Rasouli, The Supreme Court of Canada and the Elephant in the Room

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Rasouli, The Supreme Court of Canada and the Elephant in the Room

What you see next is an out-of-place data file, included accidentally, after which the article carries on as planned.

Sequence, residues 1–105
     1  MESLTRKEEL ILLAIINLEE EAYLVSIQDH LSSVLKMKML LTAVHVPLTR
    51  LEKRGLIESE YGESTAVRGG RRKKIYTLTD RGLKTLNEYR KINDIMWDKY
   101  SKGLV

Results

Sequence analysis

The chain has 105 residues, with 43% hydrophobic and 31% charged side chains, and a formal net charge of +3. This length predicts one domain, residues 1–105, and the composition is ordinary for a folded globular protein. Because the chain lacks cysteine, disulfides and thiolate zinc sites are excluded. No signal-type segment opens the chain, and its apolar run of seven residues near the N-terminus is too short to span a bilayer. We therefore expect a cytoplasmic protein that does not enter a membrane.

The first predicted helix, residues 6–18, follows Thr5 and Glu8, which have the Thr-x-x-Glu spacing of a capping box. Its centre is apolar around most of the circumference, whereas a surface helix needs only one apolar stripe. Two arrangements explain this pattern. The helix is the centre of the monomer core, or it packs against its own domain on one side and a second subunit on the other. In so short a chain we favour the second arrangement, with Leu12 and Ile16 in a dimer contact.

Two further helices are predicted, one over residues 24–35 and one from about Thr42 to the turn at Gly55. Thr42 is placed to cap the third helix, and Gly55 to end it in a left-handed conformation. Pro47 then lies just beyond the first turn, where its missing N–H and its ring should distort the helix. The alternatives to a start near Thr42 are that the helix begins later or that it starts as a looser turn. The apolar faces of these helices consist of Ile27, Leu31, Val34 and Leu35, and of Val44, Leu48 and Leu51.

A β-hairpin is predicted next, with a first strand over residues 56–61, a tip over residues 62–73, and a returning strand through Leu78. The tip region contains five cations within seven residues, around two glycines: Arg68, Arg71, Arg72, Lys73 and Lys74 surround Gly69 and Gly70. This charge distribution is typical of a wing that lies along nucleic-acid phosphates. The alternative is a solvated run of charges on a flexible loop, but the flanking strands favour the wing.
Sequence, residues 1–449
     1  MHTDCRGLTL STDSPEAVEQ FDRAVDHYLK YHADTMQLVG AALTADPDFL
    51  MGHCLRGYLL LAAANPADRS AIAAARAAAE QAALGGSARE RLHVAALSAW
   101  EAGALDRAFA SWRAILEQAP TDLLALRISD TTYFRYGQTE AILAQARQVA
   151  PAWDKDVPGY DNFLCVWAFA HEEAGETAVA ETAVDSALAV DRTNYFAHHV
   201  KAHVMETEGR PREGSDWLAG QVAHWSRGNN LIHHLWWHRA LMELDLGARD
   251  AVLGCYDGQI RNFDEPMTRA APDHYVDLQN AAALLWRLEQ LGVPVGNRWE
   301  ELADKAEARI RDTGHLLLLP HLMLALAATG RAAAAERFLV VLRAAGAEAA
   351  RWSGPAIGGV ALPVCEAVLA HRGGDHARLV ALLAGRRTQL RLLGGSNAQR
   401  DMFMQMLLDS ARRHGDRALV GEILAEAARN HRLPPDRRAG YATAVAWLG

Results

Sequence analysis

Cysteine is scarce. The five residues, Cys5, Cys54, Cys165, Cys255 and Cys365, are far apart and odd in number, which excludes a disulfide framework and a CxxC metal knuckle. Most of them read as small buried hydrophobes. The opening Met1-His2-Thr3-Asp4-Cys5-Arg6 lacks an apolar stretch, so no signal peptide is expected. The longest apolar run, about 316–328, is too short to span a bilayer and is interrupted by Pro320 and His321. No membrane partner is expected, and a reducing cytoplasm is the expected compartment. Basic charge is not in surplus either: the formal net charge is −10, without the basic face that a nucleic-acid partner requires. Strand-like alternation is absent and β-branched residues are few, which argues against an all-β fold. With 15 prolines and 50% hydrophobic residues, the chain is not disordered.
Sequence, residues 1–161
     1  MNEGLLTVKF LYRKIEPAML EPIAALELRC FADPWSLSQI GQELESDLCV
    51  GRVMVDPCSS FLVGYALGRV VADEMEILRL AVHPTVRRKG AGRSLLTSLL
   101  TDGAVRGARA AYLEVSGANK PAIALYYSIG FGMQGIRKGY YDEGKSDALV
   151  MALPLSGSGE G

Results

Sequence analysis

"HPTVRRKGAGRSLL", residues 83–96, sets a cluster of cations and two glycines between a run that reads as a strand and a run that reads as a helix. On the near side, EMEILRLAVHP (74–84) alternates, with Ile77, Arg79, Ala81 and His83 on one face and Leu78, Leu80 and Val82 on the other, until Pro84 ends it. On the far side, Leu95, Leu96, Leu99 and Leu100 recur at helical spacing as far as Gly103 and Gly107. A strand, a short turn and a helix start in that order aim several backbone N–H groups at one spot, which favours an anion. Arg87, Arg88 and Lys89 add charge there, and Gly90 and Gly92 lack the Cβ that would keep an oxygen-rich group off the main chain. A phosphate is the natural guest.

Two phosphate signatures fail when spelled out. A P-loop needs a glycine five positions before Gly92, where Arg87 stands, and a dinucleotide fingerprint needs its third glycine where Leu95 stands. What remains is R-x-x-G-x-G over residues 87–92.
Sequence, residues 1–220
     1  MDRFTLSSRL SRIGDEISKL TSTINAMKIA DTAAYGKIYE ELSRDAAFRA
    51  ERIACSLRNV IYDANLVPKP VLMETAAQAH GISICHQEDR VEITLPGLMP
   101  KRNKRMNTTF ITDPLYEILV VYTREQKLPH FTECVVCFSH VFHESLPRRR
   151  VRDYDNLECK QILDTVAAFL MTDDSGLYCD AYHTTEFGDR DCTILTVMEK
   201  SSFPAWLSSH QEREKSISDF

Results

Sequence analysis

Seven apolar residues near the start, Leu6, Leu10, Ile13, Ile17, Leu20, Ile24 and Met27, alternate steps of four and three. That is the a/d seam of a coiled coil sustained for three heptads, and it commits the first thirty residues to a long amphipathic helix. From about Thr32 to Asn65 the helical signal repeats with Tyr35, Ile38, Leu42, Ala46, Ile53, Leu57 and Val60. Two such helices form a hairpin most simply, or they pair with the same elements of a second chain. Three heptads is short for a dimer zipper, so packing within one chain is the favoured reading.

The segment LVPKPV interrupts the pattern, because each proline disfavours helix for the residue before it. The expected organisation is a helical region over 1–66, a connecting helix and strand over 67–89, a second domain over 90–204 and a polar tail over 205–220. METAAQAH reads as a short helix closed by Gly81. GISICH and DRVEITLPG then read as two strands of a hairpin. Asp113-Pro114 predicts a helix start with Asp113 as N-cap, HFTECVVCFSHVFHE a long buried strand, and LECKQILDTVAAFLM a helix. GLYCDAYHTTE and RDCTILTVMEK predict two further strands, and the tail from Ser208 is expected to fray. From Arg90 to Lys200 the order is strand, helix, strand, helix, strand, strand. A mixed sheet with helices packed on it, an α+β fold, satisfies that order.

On the 18th of October the Supreme Court of Canada handed down its decision in the case of Hasan Rasouli. The Court was split 5-2 with Justice McLachlin writing for the majority and Justice Karakatsanis for the dissenters. The facts are that Hasan Rasouli has been on life support in a Toronto hospital since 2010. His physicians (Cuthbertson and Rubenfeld – the appellants in this case) determined that the patient was in a persistent vegetative state, with no prospect of a meaningful recovery. They recommended discontinuation of life support. The physicians further stated that they did not need the consent of the patient (or in this case his substitute decision-maker, his wife, Parichrer Salasel) because, as physicians, they had the authority to determine whether or not any particular treatment was appropriate. It is this issue that has wound its way through two levels of court in Ontario and finally to the Supreme Court of Canada. The case has been presented as about power and authority in health care decision-making. Specifically, the case concerns who has the ultimate authority to decide whether or not life-sustaining treatment should be discontinued, but by extension, also concerns who has the authority to decide on the discontinuation of treatments generally and even more broadly who has the authority to decide who gets what treatment. In Ontario the practices of consent to treatment are governed by the Health Care Consent Act. The basic provisions of that Act are expressly intended to promote patient autonomy. The Act states that there should be no treatment without consent and then lists the processes one should go through if the patient is not capable of consenting him or her self. The Act further creates an agency: The Consent and Capacity Board which has the jurisdiction to adjudicate in certain types of dispute between care-givers and substitute decision-makers. The overall framework for authority in health care decision-making is thus reasonably clear: 1. Patients present with symptoms, 2. The physician or health care team diagnoses and proposes appropriate treatments. 3. The patient, if capable, or substitute decision-maker if not, can then choose from the range of offered options or refuse them all. This is a pretty common-sense view. I the patient know my own body and decide which sort of problem I should take to a health care practitioner (Step 1.) The expert, health-care practitioner (the physician typically) is trained to interpret and understand the symptoms I present and to recommend appropriate treatments. (Step2.) I must then decide if I wish to undertake any of the offered treatments – given my beliefs and values and the significance to me of any side-effects of the treatments. (Step 3.) Ideally, this whole dance is conducted in harmony, each partner moving in step and with agreement. For the most part the ideal is the reality. Patients and physicians typically agree about what can and should be done and work together to achieve the mutually agreed-upon objectives. Authority in health-care decision-making is often irrelevant. If we agree we do not need to worry about who has the authority to make what type of decision. But the underlying authority structure is there. Physicians propose treatments and patients get to choose from amongst, or refuse. In the case of Hasan Rasouli the physicians initiated life support measures (which were agreed to by the family), the physicians then determined that those life sustaining were inappropriate and should be discontinued. The substitute decision-maker disagreed. The physicians said – we do not need your agreement, this decision is within our authority. The substitute-decision-maker then took that issue to court to prevent the physicians from removing life-support without her consent. The Supreme Court of Canada has ruled that the physicians in this case do not have the authority to discontinue life support without the consent of the patient’s substitute decision-maker. So let us unpack this dispute. It was within the physicians’ authority to determine that the initial admission to the Intensive Care Unit (the ICU where the life-sustaining treatment was administered) was warranted. The patient or substitute decision-maker had to consent, but it was within the physician’s realm of expertise and authority to propose such an admission and the course of treatment that was subsequently offered, accepted and administered. So, logically, if the physician has the authority to decide that a particular treatment is warranted by the patient’s medical condition, and is appropriate, then he or she must have the authority to decide that the same treatment is not warranted – or indeed, no longer warranted. No consent would have been required from the patient if the physicians had determined that an ICU admission was not warranted, so, by parity of reasoning no consent is required now that the physicians have decided that the ICU admission is no longer warranted. In the health care literature the word “futile” is often used in this context. The basic argument is that a judgment that a particular treatment or intervention is “futile” or “medically futile” is an expert determination, which falls within the authority of physicians. If “medically futile” means cannot bring about the medical effect for which it is intended then I would support this view. However, the term “futile” is often used to cover far more than this. It is often used to mean not worthwhile, or inappropriate, or inappropriately costly. In Mr. Rasouli’s case continued life-sustaining treatment is “futile” in that there is no real prospect of him returning to any meaningful state of health. So, if the goal of the treatment is to return him to a state where he can interact with his family and have some sort of meaningful recovery, then in the judgment of all of the physicians who have seen him, the treatment is futile, because that is vanishingly unlikely to happen. However, the life-sustaining treatment is not “futile” precisely because it continues to sustain his life. In the Rasouli case this issue was argued using the terminology of “medical benefit.” It was argued that because Mr Rasouli would not gain a “medical benefit” from continued life support, and because “medical benefit” was an expert concept within the authority of physicians to determine, consent was not required to discontinue treatment. It was also argued that the treatment was not only pointless, but positively harmful. The process of caring for Mr Rasouli involves all sorts of unpleasant interventions, which would be warranted if there was a prospect of recovery, but are simply cruel if not such prospect exists. Further, Mr Rasouli faces inevitable physical decline. So, discontinuation of treatment now will prevent future harms later. This argument is more problematic and again brings us back to the issue of authority in decision-making. If we take issues of patient autonomy seriously then we have to accept a patient’s determination of what constitutes a “harm.” An expert physician may be able to tell me about the physical or physiological consequences of a particular course of action or treatment, but I get to decide whether that physical state constitutes a “harm” to me. So, in the best known examples, a physician could tell a practising Jehovah’s Witness that failure to accept a blood-transfusion will result in death, but the patient him or her self decides whether death is a “harm” or less of a “harm” than accepting blood. I would say, in Mr Rasouli’s case, if we take his autonomy seriously, he, or his substitute decision-maker should be entitled to determine if continued physical life – even under the awful conditions experienced by Mr Rasouli, and even without any prospect of a meaningful recovery – is something he would want, and something he is entitled to demand. The Supreme Court of Canada ruled that these arguments (and a variety of others) were unconvincing. Justice McLachlin said that because this situation occurred in Ontario, where these matters are governed by the Health Care Consent Act, the issue turned on statutory interpretation. In the opinion of the majority of members of the Supreme Court of Canada, the Health Care Consent Act had to be interpreted to mean that a withdrawal of life-sustaining treatment should be considered a “treatment.” It therefore requires consent. Furthermore, the Court said, the Health Care Consent Act has created the Consent and Capacity Board (CCB) which has the jurisdiction to rule in some cases of disputes between health care providers and patients and their substitute decision-makers. Before we meet the elephant that has been lurking in the room it is probably worth pointing out that under the Health Care Consent Act the rulings the Consent and Capacity Board (CCB) can make are quite limited. Substitute decision makers, under the legislation, are obliged to make the decisions they have been instructed to make by a previously capable patient. The CCB can be called upon to uphold the wishes of a patient in the event that a substitute decision-maker is not following those instructions. In the case of a dispute about the “best interests” of a patient both the substitute decision-maker and the CCB are required to consider the values of the patient concerned and his or her health context in determining what to do. It is not clear to me how the CCB could determine, in a case like Hasan Rasouli’s how continued life support was not in his “best interests.” Sure, he may not recover with continued life support, but he will die without it. And if continued life is a value to him whatever its quality (which his wife and substitute decision-maker staunchly defends) then I do not see what grounds the CCB could have to overturn that decision. The Elephant Justice McLachlin states in paragraph 4 of the judgment: “The Court’s task is simply to determine what the statute (The Health Care Consent Act) requires. I note that the parties did not address resource implications or Charter issues in this appeal.” This entire case was presented and adjudicated as a dispute between physicians and patients over who had the authority to make a certain type of decision. The real answer is neither – because the wrong question is being asked. The big, important, future-of-health-care-in-Canada question is not: Do physicians or patients have the authority to make this type of decision? (Do the crew or the passengers have the authority to re-arrange the deck chairs on the Titanic?) but rather: Who decides what we are prepared to pay for in Canadian Health Care and how do we make that decision? (How do we avoid the iceberg?) It is estimated that it costs almost a million dollars a year to keep a patient in the ICU. If, for a particular patient, there is no reasonable prospect of a meaningful recovery is that a good use of scarce health-care resources? Who should make that decision – the physician or patient concerned? Neither is a good answer. The CCB – but no the legislation does not permit them to make that type of decision. The Rasouli case and decision has been a much debated, much anticipated sideshow. The real questions concern the type of health care we, as a community, are willing to provide and to pay for. The real challenge is to develop meaningful processes that allow us to grapple honestly with these questions and the consequences of our decisions. If health care resources can be seen as a single pie, any slice given here is a corresponding slice not available to do some good elsewhere. Maybe the Rasouli decision will prompt a re-examination of how we slice the pie. Robert Butcher, October 21st 2013